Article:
• Be Aware the Classifications in the Dietary Supplement Industry – There are many sub-classifications for various types of Dietary foods and supplements, and it is surprisingly easy to end up paying more for coverage for your dietary product than you should. From fortified foods to Green super-foods, everything is in the name. See more here.
  • Product Liability Coverage for Online Supplement Sales – If you are considering selling partly or totally via the Internet, even large online distribution channels like Amazon, you still have risks. Online dietary supplement companies should still consider obtaining liability insurance coverage as your risks will largely be the same as if you sold through a retail store. See more here.
  • Notoriety with Sport Nutrition Products – A good portion of sports nutrition products are considered foods or beverages, instead of supplements and therefore can be reviewed differently by underwriters (ie. a sports drink is a beverage, not a supplement). However, products that are aimed at bodybuilding enthusiasts are often specifically supplements and fall in a “high risk” area of products related to weight loss, sports nutrition, or sexual enhancement. Products of within these categories have the highest premiums due to risk of future payouts. Many bodybuilding supplements use ingredients that cause weight or fat loss that can cause harm if abused.  Additionally, sport nutrition supplements are often seen as the cause (or the excuse) of a famous athletes failed drug test. See more here.
  • You need to understand the difference between “claims-made” and “occurrence” coverage – Dietary Supplement Product Liability insurance nearly always “claims-made” insurance. “Claims-made insurance” is when the coverage is triggered by the date you first became aware of the possibility of a claim and/or a claim is actually made against you, and when you notify the insurer of your knowledge of the claim or potential claim. See more here and more here and more here. 
  • Considerations with Written Contracts for Dietary Supplement Companies – Dietary Supplement Product companies should use their insurance broker to review any contract especially for the specifics on how coverage should be carried (ie. “claims-made” vs “occurrence.” See more here.
  • Be aware of Additional Dietary Supplement Liability Policy Exclusions – We talked in the basics about what is often excluded from liability policies. You are probably aware that you need to be aware of the specific ingredients in your products. However, product exclusions are not the only things that can get you into trouble. Be aware that there are potential biological or chemical materials exclusions (when a disgruntled employee purposefully mishandles or contaminates a batch of product) or reporting requirements. See more here.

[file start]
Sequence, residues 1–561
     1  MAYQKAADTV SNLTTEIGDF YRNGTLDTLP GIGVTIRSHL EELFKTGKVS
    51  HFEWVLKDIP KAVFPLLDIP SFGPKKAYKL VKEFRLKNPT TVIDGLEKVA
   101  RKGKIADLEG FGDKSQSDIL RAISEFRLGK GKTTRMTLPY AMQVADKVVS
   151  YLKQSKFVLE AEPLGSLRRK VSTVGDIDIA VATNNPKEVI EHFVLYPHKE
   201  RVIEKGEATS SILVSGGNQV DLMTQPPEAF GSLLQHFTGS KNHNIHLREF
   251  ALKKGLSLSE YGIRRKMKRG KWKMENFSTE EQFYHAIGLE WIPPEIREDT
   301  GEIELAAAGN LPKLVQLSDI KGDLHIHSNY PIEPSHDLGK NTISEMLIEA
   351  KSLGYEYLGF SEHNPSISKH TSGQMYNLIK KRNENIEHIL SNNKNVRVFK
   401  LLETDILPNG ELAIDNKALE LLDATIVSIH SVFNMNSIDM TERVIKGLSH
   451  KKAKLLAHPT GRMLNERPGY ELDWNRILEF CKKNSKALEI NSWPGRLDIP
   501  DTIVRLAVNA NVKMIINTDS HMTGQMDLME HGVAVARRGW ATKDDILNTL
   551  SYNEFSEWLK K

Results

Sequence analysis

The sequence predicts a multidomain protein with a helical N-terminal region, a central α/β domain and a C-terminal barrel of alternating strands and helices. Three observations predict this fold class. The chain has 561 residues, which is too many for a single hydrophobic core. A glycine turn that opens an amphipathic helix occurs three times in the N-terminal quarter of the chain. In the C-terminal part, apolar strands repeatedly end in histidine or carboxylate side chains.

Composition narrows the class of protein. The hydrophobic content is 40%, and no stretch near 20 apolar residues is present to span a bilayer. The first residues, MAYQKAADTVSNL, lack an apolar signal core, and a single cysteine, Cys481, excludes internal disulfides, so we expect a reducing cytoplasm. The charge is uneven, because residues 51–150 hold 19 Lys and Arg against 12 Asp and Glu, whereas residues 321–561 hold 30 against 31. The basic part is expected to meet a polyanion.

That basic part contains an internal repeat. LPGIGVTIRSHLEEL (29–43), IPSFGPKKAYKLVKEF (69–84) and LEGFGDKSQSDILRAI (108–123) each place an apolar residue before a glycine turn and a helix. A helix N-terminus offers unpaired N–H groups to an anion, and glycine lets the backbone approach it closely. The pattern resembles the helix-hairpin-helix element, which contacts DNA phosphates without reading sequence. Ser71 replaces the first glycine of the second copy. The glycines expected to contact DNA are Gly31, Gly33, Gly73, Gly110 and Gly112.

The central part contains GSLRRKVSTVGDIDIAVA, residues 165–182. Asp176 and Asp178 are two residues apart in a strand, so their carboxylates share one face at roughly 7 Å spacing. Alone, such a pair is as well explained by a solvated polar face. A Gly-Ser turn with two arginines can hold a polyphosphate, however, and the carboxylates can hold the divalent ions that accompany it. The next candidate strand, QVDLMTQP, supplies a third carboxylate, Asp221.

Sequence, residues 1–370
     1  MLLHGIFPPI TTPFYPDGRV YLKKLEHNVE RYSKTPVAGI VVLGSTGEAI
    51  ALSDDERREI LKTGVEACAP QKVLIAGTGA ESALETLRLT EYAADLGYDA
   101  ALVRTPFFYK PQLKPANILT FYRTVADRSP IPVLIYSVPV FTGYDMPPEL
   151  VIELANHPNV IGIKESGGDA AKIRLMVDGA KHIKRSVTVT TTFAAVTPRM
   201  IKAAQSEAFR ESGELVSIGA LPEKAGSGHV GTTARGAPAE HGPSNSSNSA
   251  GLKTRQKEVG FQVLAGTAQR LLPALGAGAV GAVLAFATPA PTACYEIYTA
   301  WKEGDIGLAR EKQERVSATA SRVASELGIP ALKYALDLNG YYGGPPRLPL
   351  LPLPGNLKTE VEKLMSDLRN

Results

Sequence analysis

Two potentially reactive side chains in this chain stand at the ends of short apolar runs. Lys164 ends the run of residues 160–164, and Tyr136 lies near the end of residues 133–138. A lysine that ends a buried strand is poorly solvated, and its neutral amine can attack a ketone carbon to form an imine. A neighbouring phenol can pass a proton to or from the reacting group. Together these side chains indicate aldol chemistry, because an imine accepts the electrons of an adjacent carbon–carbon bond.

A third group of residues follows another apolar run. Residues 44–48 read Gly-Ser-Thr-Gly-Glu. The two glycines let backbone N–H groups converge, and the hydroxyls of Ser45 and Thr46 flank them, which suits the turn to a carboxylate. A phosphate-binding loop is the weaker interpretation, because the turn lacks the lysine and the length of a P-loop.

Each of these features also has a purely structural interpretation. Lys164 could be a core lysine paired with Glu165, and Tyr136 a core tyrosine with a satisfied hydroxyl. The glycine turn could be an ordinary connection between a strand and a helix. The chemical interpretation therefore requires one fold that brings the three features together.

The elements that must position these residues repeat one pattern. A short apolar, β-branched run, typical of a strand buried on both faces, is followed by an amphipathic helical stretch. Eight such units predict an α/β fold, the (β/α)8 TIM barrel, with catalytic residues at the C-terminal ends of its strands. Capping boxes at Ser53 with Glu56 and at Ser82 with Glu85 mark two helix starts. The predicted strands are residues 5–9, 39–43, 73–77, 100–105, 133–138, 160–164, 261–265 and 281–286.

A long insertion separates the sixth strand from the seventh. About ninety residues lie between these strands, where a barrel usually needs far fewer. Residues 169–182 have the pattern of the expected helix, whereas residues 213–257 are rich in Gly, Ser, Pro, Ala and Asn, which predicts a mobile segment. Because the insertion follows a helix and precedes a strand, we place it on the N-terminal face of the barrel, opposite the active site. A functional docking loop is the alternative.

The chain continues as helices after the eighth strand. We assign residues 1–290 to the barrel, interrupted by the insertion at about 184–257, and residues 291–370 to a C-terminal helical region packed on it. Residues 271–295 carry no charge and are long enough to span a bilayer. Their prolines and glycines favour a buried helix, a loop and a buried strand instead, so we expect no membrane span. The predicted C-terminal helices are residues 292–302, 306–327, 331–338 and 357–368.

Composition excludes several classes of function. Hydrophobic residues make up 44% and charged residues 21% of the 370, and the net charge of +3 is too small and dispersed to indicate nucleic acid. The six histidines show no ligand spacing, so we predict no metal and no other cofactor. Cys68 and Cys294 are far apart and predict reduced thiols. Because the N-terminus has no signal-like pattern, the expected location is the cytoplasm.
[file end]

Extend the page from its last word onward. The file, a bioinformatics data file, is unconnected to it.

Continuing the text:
• Getting Coverage for High Risk Three – Weight Loss, Sports Nutrition, or Sexual Enhancement – Some types of dietary supplement products can be easily abused and cause significant harm (or even death) to those that ingest them. Additionally, coverage for these products is always tricky as they are the most common products to receive payouts. It’s important to know how to present these products to underwriters. See more here.
  • Dietary Supplement Liability Coverage for Foreign Companies Entering the U. Market – Companies that are entering the U.S. Market often have to consider the added complexities of getting their products approved be US regulatory agencies. Additionally, foreign companies often either a) have insurance within their home country b) do not have liability insurance at all. See more here.
  • The Potential Liability Risk of an Acquisition – A case for Extended Reporting Provision policy – the acquisition of a business should be a positive time for a Buyer and a Seller, however a common misunderstanding can lead to a short-fall in coverage if not properly considered. Hence, the Extended Reporting Provision AKA the Tail Liability Policy is there to provide some relief. See more here.
  • How the Media Can Affect Insurance Premiums – Dietary Supplements can always be abused, however the fact the majority of supplements are ingestible make the claim of potential harm something alarming and real to the public. The media and public figures know that and often can create a panic by saturation coverage on certain products and ingredients. The best way to protect your company is to have a smart policy and to get involved in the industry. See more here.

 

Problem Solving Team

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Do you have a question about a service? Perhaps you have a unique challenge? Maybe you need support in an area that isn’t listed here?